From the intersection of computational science and technological speculation,
with boundaries limited only by our ability to imagine what could be.
LILY’S EYES SCANNED the yard, an expansive tract of suburban real estate she
called the back 40. She was not pleased.
“Eliot, this is embarrassing. Our
property makes the Dust Bowl look
lush. Is it ever going to rain again?”
Her husband turned toward the sky
as if seeking an answer. But of course he
already knew what his response would
be, and so did she.
“October, Lily . . . It rains in October.”
“I don’t care about seasonal behav-
ior or what’s normal for the state. If it
doesn’t rain in Longmont or Loveland,
well, tough for them. I just care about
this backyard patch. Make it rain here,
will you? You’re the meteorologist.”
“Yes, dear, I am,” Eliot replied, flash-
ing a slight smile in the interests of do-
mestic tranquility, and went inside.
Despite the fact that Eliot had a
sheepskin testifying to his meteorological chops Lily’s gibe was a reminder he
wasn’t the man he had once hoped to be.
He wasn’t really a weather forecaster. In
high school, he could look at the clouds,
sense the temperature, and know a front
was moving in. Some of his friends admired his ability to predict afternoon
thunderstorms, while others thought he
was just obsessive. Eliot didn’t care much.
He enjoyed the fact that his skills could be
tested every day, his predictions verified
or disproved within hours. It was like
being a day trader, but without the risk.
Eliot followed his meteorological interests through grad school, but by the
late 2030s technology was rendering his
skills obsolete. Weather forecasts were
increasingly the province of computer
models, massive calculations that spit
out accurate predictions for any place
on the planet, down to an acre or less.
This development was inevitable, requiring only the ability to build a finer
grid of weather data—wind, temperature, barometric pressure—and the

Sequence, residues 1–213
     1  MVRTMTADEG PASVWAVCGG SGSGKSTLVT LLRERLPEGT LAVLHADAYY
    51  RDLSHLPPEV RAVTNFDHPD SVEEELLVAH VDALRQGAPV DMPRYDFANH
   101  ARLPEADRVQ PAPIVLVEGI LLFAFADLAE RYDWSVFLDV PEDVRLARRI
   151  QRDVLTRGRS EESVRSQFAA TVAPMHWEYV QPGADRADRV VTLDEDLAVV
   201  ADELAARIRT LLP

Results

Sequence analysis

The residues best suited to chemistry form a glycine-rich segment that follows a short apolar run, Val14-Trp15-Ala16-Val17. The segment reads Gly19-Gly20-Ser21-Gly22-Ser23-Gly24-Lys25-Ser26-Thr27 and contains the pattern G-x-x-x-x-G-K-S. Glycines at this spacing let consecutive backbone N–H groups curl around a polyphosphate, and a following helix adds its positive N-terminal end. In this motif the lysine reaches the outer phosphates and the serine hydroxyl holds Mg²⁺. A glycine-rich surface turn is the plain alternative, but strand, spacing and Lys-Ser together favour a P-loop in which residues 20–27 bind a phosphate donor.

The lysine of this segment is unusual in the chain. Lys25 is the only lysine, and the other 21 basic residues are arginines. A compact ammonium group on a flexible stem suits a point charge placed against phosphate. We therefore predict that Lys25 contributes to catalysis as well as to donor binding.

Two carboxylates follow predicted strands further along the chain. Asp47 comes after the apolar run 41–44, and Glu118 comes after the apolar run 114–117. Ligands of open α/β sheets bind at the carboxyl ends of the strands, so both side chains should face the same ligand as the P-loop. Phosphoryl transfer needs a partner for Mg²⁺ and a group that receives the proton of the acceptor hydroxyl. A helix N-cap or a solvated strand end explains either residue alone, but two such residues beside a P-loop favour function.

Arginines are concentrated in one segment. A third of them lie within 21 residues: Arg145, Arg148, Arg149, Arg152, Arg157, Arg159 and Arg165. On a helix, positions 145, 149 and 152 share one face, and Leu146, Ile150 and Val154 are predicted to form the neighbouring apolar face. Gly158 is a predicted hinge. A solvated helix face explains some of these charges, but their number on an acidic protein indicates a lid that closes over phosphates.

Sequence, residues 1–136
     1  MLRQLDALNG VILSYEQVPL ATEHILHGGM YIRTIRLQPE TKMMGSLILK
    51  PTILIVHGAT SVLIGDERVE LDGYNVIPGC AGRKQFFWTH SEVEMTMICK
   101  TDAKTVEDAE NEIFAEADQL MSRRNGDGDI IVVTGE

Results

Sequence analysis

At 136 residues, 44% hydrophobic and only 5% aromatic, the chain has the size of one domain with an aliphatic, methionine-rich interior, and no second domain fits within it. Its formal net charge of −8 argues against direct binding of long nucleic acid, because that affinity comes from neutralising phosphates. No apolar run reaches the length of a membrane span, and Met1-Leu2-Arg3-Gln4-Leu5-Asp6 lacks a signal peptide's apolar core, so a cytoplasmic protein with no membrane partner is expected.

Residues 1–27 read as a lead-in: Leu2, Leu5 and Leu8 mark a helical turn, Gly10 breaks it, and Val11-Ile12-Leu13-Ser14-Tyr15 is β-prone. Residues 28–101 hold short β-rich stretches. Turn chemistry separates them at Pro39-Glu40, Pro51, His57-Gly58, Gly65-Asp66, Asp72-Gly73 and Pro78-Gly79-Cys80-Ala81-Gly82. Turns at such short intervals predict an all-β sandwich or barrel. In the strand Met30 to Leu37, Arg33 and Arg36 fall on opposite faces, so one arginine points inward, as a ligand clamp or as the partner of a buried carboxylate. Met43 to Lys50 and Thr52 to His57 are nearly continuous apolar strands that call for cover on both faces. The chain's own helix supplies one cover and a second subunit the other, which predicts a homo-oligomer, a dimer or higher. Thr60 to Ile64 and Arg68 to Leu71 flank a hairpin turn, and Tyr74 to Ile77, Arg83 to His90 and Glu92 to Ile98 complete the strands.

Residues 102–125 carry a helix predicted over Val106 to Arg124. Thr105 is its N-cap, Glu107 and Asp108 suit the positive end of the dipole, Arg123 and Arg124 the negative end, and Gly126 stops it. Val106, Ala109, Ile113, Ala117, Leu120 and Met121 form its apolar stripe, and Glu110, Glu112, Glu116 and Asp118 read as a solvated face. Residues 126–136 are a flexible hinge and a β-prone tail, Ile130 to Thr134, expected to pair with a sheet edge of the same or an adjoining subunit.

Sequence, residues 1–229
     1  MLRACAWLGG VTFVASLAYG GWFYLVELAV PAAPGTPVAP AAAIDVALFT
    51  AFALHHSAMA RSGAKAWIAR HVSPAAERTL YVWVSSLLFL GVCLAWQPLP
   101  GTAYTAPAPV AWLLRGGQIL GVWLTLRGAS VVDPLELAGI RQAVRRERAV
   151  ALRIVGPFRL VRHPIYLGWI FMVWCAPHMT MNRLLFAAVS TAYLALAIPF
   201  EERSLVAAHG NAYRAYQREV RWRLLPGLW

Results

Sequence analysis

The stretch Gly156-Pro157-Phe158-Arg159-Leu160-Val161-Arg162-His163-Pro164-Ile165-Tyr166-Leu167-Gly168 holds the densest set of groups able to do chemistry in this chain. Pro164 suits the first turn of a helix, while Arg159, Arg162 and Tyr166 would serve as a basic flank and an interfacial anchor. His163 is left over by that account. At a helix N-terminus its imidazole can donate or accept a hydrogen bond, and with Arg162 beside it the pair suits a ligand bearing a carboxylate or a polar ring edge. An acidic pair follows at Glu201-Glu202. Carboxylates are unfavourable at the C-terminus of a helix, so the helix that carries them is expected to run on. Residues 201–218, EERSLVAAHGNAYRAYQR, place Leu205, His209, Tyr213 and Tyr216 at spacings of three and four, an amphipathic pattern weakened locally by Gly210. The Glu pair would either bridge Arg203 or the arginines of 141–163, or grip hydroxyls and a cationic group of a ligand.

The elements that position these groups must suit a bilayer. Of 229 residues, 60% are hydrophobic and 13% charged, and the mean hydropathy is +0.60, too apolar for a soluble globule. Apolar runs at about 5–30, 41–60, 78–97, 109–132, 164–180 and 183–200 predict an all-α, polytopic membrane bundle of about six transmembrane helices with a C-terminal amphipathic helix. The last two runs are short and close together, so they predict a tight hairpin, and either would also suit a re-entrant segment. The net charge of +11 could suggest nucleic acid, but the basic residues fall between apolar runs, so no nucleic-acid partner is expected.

compute power to crunch it all. Both
were now at hand.
Improved satellites had refined
the grid by a factor of 20 in all directions. The whole planet—continents,
ocean surface, the entire atmosphere
below six miles—was now sampled
on a scale of 300 feet. Every few minutes, the weather was measured and
binned into five trillion cells, the
mother of all spreadsheets.
It was Eliot’s job to feed this vast
anthill of numbers into the models several times a day and bring to bear the
compute power available in the Extended Cloud. Yes, he had to understand
what he was doing, and, yes, he had
to be careful. But it wasn’t traditional
weather forecasting, and definitely not
So Lily’s remarks bothered him.
Was he truly helpless? All his life
people had teased him with Charles
Dudley Warner’s bromide that everyone complains about the weather, but
no one does anything about it. But he
was a scientist. He knew that weather
involved immense highly energetic systems. The output of 100 power plants
was nothing compared to a hurricane’s
terawatts. How could anyone do anything about the weather? It was akin to
moving the Rocky Mountains.
He also knew the weather was a system that was chaotic and close to equilibrium. A small change could have big
consequences. The butterfly effect.
The idea that a butterfly could
precipitate a storm was a popular idea,
recognized centuries ago. Eliot had
thought about it in school but reckoned the flapping wings of a single
insect really couldn’t do much. And
But, like the weather, what can anyone do about it?
DOI: 10.1145/3140960 Seth Shostak
[CONTINUED ON P. 111]